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BOOK REVIEW: Lost In France By Mark Palmer
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The Independent Online
The World Cup can make or break reputations. For every Pele, there has to be a Ronaldo; for every Des Lynam, a Jimmy Hill; and for every Pete Davies there is a Mark Palmer. When Davies, the author of All Played Out, released his critically acclaimed book about Italia 90, he moved the goalposts for football literature. Palmer, however, appears to have done his best to drag them back again.

When the author decided to take a year off to write Lost in France - the Story of England's 1998 World Cup (Fourth Estate, pounds 14.99), a picaresque book trailing England from the Moldova qualifier in 1997 through to the finals in France, he can never have imagined what rich pickings he would have - culminating in that emotionally draining night in St Etienne. So why Palmer, a former executive editor of a national newspaper, decided to serve up this half-baked turkey in time for Christmas is confusing to say the least.

As a guide to the 1998 World Cup, Lost in France is a reasonably detailed account of the campaign but, unless there is an England fan who bedded down in mid-1997 and stirred again only when the France 98 furore finally died down, this book will enlighten nobody. Sandwiched between his vapid conversations with travelling fans and the England coach Glenn Hoddle's notoriously unrevealing press conferences, there is only one memorable interview with a member of the Hod Squad, and that took place almost a year before the finals.

Worse still, it is hard to believe that many of these dull exchanges could actually have taken place. Did Palmer really ask two of his long- suffering travelling companions: "So what makes football so special?" And did he really then launch into that tired, Freudian explanation about football being a homoerotic experience involving 22 men wanting to penetrate one another's goals? It is inconceivable that the two lads, whose only motive for getting into the car in the first place appears to have been to hear "Three Lions" roaring from the stereo, didn't opt for public transport. Or walk to Marseilles. Across hot coals, if need be.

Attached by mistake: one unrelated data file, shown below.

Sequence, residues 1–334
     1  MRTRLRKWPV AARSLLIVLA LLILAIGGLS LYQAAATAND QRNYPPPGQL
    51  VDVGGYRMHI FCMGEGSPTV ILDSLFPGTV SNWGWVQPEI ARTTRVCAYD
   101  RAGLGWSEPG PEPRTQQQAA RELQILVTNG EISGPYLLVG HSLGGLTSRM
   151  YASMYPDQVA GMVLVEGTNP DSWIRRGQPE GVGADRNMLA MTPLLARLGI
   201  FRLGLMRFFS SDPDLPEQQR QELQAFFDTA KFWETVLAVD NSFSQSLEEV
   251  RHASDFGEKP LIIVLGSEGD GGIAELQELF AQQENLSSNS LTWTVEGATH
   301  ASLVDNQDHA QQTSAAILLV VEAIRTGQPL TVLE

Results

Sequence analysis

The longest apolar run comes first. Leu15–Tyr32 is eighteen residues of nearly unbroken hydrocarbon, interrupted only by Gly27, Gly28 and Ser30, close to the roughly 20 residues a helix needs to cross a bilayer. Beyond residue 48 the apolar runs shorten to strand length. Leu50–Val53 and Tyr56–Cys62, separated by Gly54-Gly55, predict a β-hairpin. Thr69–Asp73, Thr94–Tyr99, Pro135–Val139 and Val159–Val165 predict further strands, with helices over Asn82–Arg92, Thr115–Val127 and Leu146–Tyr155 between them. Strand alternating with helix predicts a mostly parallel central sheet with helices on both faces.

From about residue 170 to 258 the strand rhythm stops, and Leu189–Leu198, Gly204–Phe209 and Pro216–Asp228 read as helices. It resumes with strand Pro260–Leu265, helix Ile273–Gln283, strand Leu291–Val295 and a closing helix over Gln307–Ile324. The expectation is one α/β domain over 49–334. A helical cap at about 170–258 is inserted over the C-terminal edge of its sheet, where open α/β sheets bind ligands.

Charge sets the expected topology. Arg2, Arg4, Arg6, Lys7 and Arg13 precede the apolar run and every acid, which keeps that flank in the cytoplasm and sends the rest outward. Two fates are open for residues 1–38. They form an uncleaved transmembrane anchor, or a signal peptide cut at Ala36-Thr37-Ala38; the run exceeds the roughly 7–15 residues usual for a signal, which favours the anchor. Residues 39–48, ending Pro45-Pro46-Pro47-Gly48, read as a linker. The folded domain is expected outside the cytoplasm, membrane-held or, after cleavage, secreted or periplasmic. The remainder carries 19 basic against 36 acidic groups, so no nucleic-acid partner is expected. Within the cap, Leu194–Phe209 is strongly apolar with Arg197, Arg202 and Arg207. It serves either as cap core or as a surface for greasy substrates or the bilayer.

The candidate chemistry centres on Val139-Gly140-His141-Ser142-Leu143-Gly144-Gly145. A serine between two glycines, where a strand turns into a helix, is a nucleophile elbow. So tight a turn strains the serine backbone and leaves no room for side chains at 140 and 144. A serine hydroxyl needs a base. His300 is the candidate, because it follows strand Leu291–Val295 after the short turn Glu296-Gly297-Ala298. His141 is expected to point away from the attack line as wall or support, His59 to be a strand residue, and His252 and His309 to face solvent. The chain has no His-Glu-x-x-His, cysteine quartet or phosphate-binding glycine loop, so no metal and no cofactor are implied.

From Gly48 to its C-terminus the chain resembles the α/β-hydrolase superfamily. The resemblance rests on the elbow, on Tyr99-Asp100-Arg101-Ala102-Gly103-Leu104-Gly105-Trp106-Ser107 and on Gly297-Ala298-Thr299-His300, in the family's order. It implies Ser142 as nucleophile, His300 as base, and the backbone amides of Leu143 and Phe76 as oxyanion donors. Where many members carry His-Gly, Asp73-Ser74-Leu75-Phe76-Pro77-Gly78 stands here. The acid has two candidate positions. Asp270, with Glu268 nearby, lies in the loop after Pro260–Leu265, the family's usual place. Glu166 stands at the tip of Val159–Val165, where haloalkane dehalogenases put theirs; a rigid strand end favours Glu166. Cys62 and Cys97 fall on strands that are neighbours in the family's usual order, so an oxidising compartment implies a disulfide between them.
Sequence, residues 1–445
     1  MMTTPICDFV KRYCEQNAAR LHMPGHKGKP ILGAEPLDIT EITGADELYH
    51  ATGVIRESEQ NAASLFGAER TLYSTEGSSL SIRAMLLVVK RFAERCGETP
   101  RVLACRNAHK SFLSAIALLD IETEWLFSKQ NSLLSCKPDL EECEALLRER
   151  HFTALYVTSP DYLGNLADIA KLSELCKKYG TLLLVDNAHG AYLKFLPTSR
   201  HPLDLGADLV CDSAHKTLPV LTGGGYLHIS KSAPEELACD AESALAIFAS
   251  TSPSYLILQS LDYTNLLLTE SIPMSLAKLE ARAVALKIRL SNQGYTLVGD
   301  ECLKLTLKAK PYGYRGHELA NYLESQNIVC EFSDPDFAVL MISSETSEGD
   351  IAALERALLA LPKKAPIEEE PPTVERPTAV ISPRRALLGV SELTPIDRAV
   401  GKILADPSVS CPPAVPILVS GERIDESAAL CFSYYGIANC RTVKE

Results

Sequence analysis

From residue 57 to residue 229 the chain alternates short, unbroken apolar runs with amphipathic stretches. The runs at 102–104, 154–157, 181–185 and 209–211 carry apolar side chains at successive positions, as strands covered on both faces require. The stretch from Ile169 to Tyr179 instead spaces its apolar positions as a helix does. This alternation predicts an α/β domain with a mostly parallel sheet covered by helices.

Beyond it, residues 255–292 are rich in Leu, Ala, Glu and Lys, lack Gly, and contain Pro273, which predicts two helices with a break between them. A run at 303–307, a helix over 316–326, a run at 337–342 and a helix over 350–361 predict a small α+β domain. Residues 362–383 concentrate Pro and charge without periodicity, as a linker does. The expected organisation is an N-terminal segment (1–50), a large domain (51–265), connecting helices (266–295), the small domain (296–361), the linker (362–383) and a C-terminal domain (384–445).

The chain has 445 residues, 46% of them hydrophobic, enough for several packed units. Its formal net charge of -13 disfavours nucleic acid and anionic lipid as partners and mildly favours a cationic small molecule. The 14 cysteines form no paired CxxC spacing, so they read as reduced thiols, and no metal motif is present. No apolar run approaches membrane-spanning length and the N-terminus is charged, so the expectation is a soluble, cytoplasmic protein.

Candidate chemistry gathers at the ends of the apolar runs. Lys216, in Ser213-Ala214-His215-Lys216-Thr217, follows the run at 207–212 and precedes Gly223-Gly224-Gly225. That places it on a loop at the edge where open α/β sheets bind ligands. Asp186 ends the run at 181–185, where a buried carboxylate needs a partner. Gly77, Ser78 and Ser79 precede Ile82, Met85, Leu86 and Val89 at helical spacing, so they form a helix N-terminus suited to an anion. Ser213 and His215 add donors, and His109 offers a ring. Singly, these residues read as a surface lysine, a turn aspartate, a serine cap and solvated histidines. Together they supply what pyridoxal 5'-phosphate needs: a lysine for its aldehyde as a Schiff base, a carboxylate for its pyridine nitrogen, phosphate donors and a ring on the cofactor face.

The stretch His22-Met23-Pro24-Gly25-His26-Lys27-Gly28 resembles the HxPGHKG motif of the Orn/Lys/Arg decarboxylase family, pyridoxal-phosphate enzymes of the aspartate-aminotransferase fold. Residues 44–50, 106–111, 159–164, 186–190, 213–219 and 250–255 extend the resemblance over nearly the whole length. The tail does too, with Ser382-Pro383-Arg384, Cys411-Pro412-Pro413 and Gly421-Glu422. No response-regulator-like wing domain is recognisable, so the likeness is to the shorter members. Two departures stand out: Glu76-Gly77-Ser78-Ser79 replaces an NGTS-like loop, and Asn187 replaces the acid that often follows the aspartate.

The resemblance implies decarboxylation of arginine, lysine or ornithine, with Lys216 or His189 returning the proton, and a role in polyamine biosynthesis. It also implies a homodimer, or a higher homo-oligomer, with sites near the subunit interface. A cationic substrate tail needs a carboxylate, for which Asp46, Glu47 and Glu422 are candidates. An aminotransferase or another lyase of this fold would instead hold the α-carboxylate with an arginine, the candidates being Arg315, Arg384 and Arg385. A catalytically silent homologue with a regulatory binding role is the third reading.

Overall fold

If there is a single redeeming factor, it is Palmer's description of the inner workings of the "Number Ones" - the country's foremost football writers. The way in which the story about Gazza's omission from the squad trickles slowly down the pecking order, from the Sun's Brian Woolnough at the top until it reaches Capital Gold's Jonathan Pearce, is pure Hollywood farce - Pearce only got to hear about it because he had the hotel room above Harry Harris and happened to be sunning himself on his balcony when the Mirror man was filing his story just below.

Another momentary relief comes from the incisively xenophobic reporter from the Gazzetta dello Sport, Giancarlo Gavarotti. After the qualifier against Italy, he describes the English fans as "vomit on the beautiful face of Rome" and later argues that "it is one of the great myths of the modern world that England is a sophisticated country ... how many drug addicts, wife-beaters and alcoholics are there in any other team?"

The book limps to a suitably vacuous ending when, in the very last sentence, Palmer finally gets a private moment with Hoddle and asks why David Batty was allowed to take that penalty against Argentina. "There are reasons," the England coach said, "and those reasons will remain private." Enough unsaid.